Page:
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On August 1, 2010, an entire hemisphere of the sun erupted. Filaments of magnetism snapped and exploded, shock waves raced across the stellar surface, billion-ton clouds of hot gas billowed into space. Astronomers knew they had witnessed something big.
It was so big, it may have shattered old ideas about solar activity.
"The August 1st event really opened our eyes," says Karel Schrijver of Lockheed Martin's Solar and Astrophysics Lab in Palo Alto, CA. "We see that solar storms can be global events, playing out on scales we scarcely imagined before."
For the past three months, Schrijver has been working with fellow Lockheed-Martin solar physicist Alan Title to understand what happened during the "Great Eruption." They had plenty of data: The event was recorded in unprecedented detail by NASA's Solar Dynamics Observatory and twin STEREO spacecraft. With several colleagues present to offer commentary, they outlined their findings at a press conference today at the American Geophysical Union meeting in San Francisco.
5.1 HALMAHERA, INDONESIA
5.3 SOUTHWEST OF SUMATRA, INDONESIA
5.0 ANDAMAN ISLANDS, INDIA REGION
5.6 SOUTHEAST OF LOYALTY ISLANDS
6.5 MOLUCCA SEA
5.0 OFFSHORE TARAPACA, CHILE
5.1 SUMBAWA REGION, INDONESIA
5.9 KURIL ISLANDS
7.0 NEW BRITAIN REGION, P.N.G
6.4 EASTERN NEW GUINEA REG., P.N.G.
5.5 ANDREANOF ISLANDS, ALEUTIAN IS.
6.3 ANDREANOF ISLANDS, ALEUTIAN IS.
5.8 KERMADEC ISLANDS REGION
5.3 JUJUY, ARGENTINA
5.1 PHILIPPINE ISLANDS REGION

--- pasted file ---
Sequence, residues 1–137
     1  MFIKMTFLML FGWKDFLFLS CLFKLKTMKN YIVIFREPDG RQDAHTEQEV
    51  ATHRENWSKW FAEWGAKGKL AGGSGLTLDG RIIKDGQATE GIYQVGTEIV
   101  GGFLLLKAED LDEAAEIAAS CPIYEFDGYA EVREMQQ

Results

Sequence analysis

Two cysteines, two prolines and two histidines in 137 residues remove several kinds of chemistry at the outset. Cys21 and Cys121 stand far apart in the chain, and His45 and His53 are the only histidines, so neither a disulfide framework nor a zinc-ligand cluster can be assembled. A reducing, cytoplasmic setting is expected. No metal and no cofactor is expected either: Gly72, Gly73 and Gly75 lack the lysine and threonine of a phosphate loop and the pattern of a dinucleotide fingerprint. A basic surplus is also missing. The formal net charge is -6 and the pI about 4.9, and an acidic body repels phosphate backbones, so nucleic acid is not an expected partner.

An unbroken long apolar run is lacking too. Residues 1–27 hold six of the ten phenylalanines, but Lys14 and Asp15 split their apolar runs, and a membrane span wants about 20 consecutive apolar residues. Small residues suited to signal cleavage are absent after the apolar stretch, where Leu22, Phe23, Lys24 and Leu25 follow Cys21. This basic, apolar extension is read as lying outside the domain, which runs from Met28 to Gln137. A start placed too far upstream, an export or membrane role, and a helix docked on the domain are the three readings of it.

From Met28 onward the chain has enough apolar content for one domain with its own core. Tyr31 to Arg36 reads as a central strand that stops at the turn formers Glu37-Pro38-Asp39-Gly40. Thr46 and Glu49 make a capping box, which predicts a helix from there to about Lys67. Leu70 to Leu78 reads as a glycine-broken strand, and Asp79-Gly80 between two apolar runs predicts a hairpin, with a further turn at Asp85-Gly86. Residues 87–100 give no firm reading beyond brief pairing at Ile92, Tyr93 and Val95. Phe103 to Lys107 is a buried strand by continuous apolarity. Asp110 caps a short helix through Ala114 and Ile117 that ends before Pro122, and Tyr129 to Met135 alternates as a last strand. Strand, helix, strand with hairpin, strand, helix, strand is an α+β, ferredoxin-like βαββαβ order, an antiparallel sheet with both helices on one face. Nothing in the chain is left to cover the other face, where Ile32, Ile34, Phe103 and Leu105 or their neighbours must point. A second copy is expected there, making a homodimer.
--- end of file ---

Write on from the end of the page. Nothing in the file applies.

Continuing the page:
Originally posted by predator0187
reply to post by paxnatus
Well, you also have to remember that the aftermath would take a few days to get here. It would be more accurate to look about 2-4 days after the event.
Originally posted by paxnatus
Is there anyone here who can explain the significance of this discovery?
In a paper they prepared for the Journal of Geophysical Research (JGR), Schrijver and Title broke down the Great Eruption into more than a dozen significant shock waves, flares, filament eruptions, and CMEs spanning 180 degrees of solar longitude and 28 hours of time. At first it seemed to be a cacophony of disorder until they plotted the events on a map of the sun's magnetic field.
Title describes the Eureka! moment: "We saw that all the events of substantial coronal activity were connected by a wide-ranging system of separatrices, separators, and quasi-separatrix layers." A "separatrix" is a magnetic fault zone where small changes in surrounding plasma currents can set off big electromagnetic storms.